The MultiFab printer developed by MIT’s Science and Artificial Intelligence Lab represents the extreme edge of this research. It enables engineers to print multiple materials at once and build objects whose segments have different properties, said Javier E. Ramos, a former researcher with the lab and a co-founder of Inkbit, a Cambridge, Mass., company that seeks to commercialize the technology.

In fact, MIT’s Foundry software enables MultiFab to control materials microstructures in ways that determine the material’s structural properties. It is one way to achieve performance that was not possible before, said Kiril Vidimce, an MIT graduate student who helped create Foundry. The software, he said, is “Photoshop for 3-D materials.”

Hod Lipson, director of the Creative Machines Lab at Columbia University, calls these intimately entwined materials “metamaterials.” The term is often used to describe materials that are not found in nature. While most materials used in 3-D printing are not natural to begin with, playing with their microstructures endows them with very different properties than their starting forms. Lipson is currently creating a database of such materials and investigating how to predict their properties more accurately.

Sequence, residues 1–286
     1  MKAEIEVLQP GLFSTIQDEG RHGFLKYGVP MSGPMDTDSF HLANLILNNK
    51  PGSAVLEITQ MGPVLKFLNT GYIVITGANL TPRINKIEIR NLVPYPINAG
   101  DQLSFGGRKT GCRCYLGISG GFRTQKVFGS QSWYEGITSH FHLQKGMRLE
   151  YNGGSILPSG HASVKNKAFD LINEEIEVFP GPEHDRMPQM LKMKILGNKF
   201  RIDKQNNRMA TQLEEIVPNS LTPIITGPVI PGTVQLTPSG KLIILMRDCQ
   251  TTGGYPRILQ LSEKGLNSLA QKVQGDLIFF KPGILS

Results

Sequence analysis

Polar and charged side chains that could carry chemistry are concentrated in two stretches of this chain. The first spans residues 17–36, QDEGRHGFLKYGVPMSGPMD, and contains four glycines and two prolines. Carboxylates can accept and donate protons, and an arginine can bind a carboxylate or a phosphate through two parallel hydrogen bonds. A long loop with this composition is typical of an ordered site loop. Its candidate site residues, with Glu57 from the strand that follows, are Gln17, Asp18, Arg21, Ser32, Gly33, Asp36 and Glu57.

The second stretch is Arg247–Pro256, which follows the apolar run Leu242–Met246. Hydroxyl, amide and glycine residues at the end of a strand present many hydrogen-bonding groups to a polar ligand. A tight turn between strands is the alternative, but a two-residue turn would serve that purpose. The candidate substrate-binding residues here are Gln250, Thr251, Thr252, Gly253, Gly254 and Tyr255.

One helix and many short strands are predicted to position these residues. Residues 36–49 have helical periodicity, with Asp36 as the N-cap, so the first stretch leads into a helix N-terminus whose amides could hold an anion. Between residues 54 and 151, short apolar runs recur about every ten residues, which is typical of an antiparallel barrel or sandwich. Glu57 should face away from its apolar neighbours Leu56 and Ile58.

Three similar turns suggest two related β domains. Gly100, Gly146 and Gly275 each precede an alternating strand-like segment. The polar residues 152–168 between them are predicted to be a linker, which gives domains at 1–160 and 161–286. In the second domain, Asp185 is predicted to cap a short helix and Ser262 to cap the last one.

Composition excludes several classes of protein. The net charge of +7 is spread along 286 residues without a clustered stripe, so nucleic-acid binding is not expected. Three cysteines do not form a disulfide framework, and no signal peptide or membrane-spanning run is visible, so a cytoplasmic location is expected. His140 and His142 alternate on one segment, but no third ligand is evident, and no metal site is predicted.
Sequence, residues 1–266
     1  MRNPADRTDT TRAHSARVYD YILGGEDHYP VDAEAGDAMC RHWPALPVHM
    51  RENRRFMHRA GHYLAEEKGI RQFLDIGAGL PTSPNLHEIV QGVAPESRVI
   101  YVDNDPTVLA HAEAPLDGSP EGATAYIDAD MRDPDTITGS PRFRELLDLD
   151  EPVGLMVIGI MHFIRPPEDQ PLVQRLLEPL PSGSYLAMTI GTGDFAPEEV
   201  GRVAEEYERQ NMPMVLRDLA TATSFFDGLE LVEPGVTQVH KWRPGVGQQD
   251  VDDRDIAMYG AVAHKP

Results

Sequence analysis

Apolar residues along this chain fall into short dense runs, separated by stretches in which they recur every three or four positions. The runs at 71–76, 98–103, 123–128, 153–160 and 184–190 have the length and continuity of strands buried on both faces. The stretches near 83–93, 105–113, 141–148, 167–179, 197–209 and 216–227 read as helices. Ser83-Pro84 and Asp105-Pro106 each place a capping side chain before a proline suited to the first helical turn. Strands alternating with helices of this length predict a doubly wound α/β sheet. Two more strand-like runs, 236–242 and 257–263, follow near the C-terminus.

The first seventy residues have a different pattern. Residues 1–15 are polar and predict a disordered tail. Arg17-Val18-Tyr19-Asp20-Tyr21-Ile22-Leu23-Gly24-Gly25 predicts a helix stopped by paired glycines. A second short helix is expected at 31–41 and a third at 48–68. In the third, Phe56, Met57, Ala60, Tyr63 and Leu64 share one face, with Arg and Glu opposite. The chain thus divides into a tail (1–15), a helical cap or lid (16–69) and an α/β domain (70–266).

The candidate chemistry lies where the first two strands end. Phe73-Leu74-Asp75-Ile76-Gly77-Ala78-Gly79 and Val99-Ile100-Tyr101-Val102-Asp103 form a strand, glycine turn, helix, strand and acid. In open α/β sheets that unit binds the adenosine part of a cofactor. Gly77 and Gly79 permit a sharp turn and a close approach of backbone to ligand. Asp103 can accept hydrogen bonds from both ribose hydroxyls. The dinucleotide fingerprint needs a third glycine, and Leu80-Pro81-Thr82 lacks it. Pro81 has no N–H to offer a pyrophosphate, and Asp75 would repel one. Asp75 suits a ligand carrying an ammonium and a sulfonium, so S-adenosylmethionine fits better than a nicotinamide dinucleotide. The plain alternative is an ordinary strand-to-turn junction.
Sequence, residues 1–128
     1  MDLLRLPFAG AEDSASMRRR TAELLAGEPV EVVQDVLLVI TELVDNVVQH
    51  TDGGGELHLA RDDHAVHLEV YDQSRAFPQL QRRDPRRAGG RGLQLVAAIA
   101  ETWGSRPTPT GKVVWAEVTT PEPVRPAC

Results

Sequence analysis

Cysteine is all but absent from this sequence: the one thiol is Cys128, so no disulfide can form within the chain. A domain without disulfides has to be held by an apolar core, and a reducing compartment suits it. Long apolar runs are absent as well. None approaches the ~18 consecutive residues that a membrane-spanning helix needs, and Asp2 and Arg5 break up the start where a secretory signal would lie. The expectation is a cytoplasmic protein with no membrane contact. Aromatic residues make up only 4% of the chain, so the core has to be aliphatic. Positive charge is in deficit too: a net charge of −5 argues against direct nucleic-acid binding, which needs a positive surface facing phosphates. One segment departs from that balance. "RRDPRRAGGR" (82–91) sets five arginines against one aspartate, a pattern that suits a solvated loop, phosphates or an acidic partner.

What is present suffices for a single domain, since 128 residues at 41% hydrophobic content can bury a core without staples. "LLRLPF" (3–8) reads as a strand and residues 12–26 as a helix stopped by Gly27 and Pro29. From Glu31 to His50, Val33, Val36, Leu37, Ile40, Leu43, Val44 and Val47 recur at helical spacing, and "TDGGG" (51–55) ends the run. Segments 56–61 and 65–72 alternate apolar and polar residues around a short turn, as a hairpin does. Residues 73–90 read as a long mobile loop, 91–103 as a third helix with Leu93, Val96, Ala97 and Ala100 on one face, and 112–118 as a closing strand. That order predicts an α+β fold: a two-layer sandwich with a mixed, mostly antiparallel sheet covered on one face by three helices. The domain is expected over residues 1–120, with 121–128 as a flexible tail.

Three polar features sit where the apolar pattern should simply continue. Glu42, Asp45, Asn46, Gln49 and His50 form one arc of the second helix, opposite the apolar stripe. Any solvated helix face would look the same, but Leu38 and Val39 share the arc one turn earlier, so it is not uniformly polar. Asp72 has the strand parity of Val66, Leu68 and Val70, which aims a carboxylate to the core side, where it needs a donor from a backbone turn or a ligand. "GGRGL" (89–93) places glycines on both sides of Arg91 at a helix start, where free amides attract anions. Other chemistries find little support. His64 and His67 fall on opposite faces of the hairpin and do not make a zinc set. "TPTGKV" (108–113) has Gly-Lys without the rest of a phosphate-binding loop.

Dassault Systèmes, like many large purveyors of engineering software, has made no secret of its desire to create a soup-to-nuts buffet of engineering software tools. The company is best known for its SolidWorks and CATIA CAD programs and Simulia simulation and analysis program. Materials simulation is also an important part of its plans.

In 2014, Dassault bought Accelrys, a company that made software to help biochemists and chemical engineers understand and manufacture molecules used in pharmaceuticals. Dassault promptly renamed the business Biovia, and improved its materials simulation capabilities for structural materials.

Biovia’s Materials Studio works a lot like the FEA tools mechanical engineers use to simulate designs. Just as engineers can see how a bracket or rotating part will affect the performance of a final product, Materials Studio shows how changes to the molecules and crystals that make up a material will determine the behavior of the bulk materials used to design structures.